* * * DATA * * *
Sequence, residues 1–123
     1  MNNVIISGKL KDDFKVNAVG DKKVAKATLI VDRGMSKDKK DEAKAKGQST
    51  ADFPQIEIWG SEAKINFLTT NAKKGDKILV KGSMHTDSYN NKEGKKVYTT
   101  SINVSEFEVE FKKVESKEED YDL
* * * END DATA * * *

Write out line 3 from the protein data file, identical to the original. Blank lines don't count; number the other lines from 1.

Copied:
    51  ADFPQIEIWG SEAKINFLTT NAKKGDKILV KGSMHTDSYN NKEGKKVYTT